musings, mutterings, and creative muddle. . .

Tuesday, February 16, 2010

Aaaaah. . . Comfort Food. Yum.

Such a crazy weekend with all of us going in different directions on Saturday, and, together, going off the beaten path on Sunday, left us out of the kitchen for the entire time.  A rather unusual experience for us.

Monday came along and saved us - so glad for Presidents Washington and Lincoln - by giving us an extra day off.  We made up for the hectic 'no meals at home and together' kind of weekend with some good, old-fashioned comfort food.  And, regrettably, we were so incredibly focused on food - we forgot photos. . . mostly.

One of our family rituals is eating supper together each evening - if at all possible.  And, frankly, this actually happens most nights.  We may barely see each other - if at all- throughout the day.  But, come supper time, if we're not all in the kitchen cooking together, we all at least sit down and eat together.  When we miss this, it kind of throws us out of sync with each other.

Our meal last night kind of put us back into our place.  It found all of us cooking and then eating together. It's a meal we haven't prepared, for whatever reason, for a very long time.  A simple meal. . . Recipes, primarily, from the 1950's Good Housekeeping Cookbook (that I honestly cannot live without - thank you very much - even though the spine has completely cracked, it's stained, and some of the ingredients are incredibly outdated.  I LOVE this cookbook!)

Who knows what qualities a food has to have in order to receive the esteemed distinction of 'Comfort Food.'  I suppose one quality may be that it comes from a recipe, or memory of a recipe, from another generation.  A dish handed down over the years - I don't mean Grandma's china and definitely not some kind of mysterious leftover.  But something that just reminds us of a time, place, or person that brought us comfort and made us feel safe and happy.  A food that simply touches our heart. . . though, have you noticed, these comfort foods that touch our heart also seem to touch our waistline.  Anyway - more on that another time.  Or not.

So, our way of getting back into the family-sync this past holiday Monday was to fix a great Comfort Meal:  meatloaf, macaroni and cheese and steamed fresh green beans.   And blueberry muffins Son-o made earlier in the day.  Let me tell you, we all were well-comforted after that family dinner!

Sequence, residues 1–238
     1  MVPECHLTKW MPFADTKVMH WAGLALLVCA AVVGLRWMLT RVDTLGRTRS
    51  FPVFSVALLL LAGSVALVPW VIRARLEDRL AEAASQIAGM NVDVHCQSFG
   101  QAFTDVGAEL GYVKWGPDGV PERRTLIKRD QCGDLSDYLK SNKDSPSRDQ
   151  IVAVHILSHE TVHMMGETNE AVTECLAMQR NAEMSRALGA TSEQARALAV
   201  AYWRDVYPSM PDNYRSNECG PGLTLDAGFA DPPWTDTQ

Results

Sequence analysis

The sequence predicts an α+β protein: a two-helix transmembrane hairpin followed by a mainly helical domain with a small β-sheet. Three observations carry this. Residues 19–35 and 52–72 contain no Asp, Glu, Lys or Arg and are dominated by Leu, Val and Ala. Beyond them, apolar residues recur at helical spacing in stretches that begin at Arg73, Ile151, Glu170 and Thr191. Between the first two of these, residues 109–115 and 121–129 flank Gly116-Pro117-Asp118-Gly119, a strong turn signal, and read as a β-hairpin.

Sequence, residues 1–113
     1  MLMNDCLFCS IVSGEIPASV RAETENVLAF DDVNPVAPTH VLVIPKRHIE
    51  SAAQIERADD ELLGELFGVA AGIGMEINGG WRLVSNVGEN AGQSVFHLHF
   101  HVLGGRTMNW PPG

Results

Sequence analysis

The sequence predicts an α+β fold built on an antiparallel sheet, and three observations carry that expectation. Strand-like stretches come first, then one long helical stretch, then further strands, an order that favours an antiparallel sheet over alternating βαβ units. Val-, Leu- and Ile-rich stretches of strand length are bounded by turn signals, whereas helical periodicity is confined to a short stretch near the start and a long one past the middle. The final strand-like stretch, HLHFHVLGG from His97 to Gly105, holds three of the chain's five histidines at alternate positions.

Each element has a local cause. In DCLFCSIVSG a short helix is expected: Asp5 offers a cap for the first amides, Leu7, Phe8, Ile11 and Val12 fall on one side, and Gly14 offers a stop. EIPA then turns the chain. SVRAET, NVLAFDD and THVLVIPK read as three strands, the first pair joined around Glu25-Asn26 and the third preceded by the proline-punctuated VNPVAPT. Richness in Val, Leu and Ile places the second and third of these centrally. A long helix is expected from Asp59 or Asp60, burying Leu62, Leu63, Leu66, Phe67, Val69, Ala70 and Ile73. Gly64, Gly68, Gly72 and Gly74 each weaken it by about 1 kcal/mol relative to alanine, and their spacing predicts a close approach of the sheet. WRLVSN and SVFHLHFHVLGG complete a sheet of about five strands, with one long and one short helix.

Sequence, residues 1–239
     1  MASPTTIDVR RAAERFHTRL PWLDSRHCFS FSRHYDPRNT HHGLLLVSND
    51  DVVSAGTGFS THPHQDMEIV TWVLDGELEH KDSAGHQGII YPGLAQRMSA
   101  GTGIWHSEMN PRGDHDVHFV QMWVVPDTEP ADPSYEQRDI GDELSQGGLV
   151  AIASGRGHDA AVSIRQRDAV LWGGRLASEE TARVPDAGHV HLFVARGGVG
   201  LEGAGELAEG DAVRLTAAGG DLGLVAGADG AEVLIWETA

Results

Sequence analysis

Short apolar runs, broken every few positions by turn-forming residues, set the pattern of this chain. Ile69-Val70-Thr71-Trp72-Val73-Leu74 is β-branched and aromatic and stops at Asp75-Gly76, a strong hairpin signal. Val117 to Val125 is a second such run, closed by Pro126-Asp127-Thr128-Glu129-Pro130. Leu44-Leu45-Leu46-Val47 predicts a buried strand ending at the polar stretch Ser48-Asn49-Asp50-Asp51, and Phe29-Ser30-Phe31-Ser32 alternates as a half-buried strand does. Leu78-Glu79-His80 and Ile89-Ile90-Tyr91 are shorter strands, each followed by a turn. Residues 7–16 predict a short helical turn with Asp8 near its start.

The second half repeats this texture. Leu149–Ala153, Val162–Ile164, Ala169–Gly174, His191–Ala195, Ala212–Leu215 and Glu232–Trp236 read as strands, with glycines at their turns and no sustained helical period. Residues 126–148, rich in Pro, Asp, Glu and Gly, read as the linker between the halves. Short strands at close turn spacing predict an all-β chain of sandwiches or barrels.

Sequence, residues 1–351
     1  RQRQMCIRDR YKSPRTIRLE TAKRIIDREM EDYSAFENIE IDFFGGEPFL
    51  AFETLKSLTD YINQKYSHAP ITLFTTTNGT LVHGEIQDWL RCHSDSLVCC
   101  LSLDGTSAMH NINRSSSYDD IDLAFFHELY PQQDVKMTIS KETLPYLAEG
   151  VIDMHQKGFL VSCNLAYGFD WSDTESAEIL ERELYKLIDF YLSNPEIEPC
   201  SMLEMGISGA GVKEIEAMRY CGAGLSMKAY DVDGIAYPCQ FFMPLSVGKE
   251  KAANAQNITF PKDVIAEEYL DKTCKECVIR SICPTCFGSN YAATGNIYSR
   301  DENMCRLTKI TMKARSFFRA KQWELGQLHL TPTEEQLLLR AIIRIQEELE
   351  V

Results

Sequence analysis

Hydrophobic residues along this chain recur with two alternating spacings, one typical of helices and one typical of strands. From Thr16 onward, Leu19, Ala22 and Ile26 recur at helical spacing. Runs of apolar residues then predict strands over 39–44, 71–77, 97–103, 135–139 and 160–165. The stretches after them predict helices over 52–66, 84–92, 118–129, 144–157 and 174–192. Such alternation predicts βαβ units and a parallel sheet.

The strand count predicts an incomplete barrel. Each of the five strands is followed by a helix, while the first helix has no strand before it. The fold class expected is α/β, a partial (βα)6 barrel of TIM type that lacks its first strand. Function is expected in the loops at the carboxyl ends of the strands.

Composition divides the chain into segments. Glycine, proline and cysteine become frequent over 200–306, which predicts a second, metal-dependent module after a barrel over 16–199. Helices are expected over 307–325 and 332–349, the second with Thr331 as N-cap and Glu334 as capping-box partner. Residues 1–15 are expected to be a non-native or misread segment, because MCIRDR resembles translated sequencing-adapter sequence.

Everyone makes meatloaf so different, don't they? 

I start with a pound of ground chuck, (last night I tossed in about 1/3 pound of our homemade breakfast sausage we had leftover from that morning too), add a couple eggs, a bit of minced green onion, a sprinkling of garlic powder, a healthy amount of Italian seasoning, about a cup of bread crumbs, and about a cup of halved green olives.  Using your hands, combine all ingredients thoroughly.  If it seems a little dry (not really sticking together to be molded), I'll add a little liquid such as beef broth, apple juice, or, as I did last night, a splash of beer.  Any kind of beer will do - nothing fancy is required.

Mold the meat mixture into a loaf shape, place in a greased, foil-lined (saves on clean up) baking dish.  Then top it with a generous amount of ketchup, and crosshatch it with some Heinz 57.  Put a little liquid (again, last night, I used beer) in the bottom and bake in a 350 degree oven 75 to 90 minutes until the center tests 150 to 160 degrees with a meat thermometer.  Tasty!

And that macaroni and cheese?  Every once in awhile we'll get hungry for the homemade stuff.  I modified a recipe that's in my old beloved G.H. Cookbook to meet our 'comfort levels.'

6-8 oz elbo noodles (or shape of your choice) cooked to al dente
1-2/3 cup milk
1/4 lb American cheese
1/4 lb sharp cheddar
1/2 tsp. dry mustard powder
1-1/2 tsp. Worcestershire
1/2 cup chopped peppers (green, red, pimiento - whatever combination suits your fancy)

Start cooking the noodles as per the packages instructions.  Preheat the oven to 350 degrees and get out a square baking dish.  Saute the chopped peppers for just a few minutes in just a tsp. of butter over medium-high heat.  Tip:  Use a pan large enough that you can add the cheese sauce ingredients to later.  Once peppers are done, add milk and cheeses.  Stir over medium-low heat until melted and smooth.  Stir in dry mustard and Worcestshire.  When pasta is al dente (it needs to be firm as it will finish cooking in the oven), drain and put into greased baking dish; top with cheese sauce.  Bake, uncovered, 25 to 30 minutes.

What's your comfort food?

Have a macaroni and cheese kind of day!

Robin Z

No comments:

Post a Comment